In the last scenes in Man of Hope we see the real Wałęsa, not the actor, his body pudgier and his big mustache white, now the elected president of Poland, being received in the U.S. Congress. He continued, and continues today, to be very popular in the West, but in Poland, his presidency is generally seen as embarrassing. He made outrageous anti-homosexual remarks (saying that homosexuals elected to parliament should sit outside the walls, so as not to contaminate normal people), single-handedly turned Poland from one of the most permissive countries for abortion to one of the most restrictive, and invited the International Monetary Fund to save Poland’s economy. He managed to alienate many of those who had been his allies in creating Solidarity. In January 1992, President Wałęsa faced a one-hour strike by the union he had once led, and the following year, a Solidarity-led no-confidence motion against his prime minister. By the end of Wałęsa’s presidential term (1990-1995), public opinion polls showed that General Jaruzelski was much preferred as president. Wajda however has remained a friend, though not an uncritical one.
Lech Wałęsa is crude, unlettered and notoriously ungrammatical (a comic element lost in the subtitles but embarrassing to Poles who had elected him to the presidency). He is impulsive and, as we saw once he attained power, deeply prejudiced – ostentatiously Catholic (Poland’s black madonna on his lapel), disdainful of homosexuals and patronizingly superior to women. His impatience with reading anything more complicated than a leaflet or engaging in intellectual debate and his reliance on intuition rather than investigation or reflection made him hopeless as a strategist. But not as a tactician; there, in the struggle where every action demanded an immediate response, he was brilliant. He is also charming, generous, quick-witted and sometimes very funny, and very, very audacious, a living caricature of the working-class superhero.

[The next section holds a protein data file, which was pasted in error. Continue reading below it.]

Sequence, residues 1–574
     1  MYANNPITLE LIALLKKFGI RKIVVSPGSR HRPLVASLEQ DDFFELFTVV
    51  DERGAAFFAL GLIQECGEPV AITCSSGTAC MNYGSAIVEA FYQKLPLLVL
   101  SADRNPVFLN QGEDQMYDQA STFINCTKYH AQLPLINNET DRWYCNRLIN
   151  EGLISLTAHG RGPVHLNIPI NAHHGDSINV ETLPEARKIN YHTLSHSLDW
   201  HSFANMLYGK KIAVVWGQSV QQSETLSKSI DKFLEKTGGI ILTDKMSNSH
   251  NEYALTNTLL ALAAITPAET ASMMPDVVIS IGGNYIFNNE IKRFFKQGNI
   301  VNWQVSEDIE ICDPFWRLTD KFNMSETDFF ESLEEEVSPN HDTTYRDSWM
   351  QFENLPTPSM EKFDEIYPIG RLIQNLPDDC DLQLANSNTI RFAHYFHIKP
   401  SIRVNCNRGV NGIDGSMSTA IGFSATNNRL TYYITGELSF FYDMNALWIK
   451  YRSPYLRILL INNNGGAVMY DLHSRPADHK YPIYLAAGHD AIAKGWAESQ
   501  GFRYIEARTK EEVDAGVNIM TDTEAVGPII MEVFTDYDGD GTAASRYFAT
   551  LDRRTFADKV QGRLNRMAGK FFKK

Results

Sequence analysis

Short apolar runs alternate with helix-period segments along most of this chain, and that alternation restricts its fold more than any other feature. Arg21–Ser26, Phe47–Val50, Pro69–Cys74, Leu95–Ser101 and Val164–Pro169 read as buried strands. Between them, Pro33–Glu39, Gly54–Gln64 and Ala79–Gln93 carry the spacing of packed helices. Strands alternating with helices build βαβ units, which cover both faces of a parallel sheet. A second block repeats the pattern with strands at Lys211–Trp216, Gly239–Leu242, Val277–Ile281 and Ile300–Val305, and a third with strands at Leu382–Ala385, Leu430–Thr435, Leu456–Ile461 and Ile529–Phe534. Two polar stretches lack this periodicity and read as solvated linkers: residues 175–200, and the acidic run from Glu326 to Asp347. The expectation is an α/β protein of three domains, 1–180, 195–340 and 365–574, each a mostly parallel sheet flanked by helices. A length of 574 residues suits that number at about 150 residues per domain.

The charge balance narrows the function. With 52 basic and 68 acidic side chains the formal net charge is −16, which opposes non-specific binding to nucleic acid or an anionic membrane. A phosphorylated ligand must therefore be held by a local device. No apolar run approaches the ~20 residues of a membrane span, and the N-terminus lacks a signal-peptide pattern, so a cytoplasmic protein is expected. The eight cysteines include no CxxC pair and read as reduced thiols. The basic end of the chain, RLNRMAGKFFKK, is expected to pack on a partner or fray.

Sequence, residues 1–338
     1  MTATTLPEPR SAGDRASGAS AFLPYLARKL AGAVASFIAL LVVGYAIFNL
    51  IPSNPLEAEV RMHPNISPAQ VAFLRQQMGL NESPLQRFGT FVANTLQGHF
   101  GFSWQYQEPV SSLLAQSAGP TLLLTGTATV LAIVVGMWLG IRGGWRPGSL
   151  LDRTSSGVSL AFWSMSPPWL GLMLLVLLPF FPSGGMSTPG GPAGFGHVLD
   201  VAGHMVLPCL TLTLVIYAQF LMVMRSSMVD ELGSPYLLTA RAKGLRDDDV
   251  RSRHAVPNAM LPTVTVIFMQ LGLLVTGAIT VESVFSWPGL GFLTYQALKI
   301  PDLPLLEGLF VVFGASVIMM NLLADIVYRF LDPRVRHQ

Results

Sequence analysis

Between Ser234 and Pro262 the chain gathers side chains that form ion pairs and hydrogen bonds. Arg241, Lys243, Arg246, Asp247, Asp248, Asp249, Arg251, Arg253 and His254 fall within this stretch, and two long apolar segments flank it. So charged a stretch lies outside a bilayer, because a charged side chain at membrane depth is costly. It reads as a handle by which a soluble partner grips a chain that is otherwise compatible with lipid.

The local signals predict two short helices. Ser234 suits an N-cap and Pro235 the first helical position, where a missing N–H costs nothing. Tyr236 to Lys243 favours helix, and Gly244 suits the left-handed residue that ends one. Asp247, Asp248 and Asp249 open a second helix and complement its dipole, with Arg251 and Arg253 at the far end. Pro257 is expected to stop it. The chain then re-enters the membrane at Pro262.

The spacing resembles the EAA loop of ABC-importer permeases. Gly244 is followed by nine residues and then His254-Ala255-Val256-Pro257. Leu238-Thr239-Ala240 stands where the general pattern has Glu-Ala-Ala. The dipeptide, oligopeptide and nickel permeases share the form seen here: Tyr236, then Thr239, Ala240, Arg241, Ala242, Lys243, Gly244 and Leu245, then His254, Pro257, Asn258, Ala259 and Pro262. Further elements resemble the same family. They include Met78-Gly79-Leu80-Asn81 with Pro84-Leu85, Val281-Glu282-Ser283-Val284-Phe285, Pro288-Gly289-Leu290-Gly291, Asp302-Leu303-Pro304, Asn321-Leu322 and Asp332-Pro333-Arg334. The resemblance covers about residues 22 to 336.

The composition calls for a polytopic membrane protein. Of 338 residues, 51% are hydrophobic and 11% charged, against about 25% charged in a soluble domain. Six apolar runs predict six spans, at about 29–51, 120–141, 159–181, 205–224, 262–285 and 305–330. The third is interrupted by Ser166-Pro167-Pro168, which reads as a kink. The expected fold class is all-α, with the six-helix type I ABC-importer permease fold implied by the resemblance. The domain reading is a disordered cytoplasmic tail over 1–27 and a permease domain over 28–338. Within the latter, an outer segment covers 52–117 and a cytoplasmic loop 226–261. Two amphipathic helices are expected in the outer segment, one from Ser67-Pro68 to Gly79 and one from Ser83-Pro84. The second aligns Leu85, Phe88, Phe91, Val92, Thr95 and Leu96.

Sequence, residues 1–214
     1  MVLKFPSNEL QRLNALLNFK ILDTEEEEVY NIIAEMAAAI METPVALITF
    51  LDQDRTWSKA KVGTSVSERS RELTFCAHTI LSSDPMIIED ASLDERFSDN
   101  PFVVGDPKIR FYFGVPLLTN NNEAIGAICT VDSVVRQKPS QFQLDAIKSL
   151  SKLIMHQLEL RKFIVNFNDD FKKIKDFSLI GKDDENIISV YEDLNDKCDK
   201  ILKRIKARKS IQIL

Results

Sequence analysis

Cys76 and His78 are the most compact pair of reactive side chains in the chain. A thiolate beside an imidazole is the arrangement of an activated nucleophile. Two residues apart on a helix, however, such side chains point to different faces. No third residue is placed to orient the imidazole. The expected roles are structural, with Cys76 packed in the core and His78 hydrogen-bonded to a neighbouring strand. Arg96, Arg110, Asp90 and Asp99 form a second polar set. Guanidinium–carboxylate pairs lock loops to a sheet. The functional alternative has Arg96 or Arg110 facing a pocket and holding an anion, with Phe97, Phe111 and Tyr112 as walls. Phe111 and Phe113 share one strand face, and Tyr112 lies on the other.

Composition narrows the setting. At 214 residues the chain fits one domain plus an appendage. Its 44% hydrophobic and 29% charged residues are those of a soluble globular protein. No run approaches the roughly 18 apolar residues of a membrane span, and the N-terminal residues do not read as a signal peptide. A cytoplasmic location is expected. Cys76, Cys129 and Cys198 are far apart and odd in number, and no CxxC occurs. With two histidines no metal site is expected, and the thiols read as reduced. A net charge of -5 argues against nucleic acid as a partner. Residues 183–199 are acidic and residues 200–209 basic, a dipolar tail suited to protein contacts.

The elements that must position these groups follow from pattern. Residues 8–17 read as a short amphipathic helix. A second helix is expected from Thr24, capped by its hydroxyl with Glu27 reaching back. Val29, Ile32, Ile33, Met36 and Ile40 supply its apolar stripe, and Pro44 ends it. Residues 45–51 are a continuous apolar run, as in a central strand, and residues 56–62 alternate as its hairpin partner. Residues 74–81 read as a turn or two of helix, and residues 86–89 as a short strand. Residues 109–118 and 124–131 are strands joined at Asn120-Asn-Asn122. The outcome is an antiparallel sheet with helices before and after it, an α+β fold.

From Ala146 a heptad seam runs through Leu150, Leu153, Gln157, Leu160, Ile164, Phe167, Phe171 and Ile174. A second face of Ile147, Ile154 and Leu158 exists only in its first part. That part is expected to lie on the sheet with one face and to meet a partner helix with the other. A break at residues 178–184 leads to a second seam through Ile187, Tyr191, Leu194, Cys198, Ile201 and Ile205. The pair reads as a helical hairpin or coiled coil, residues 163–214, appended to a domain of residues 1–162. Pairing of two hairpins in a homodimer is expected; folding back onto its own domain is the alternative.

And Andrzej Wajda is a brilliant filmmaker who, in this, the culminating film of his great saga, has managed to produce a film of action, humor and irony that is at once a tribute and a critique. And which delights its subject: As Wajda told a reporter, “Wałęsa called me one day and said, ‘This is the fourth time I’ve seen the movie, and every day I like it more.’ And he also participated in promoting the film at the Mostra in Venice.”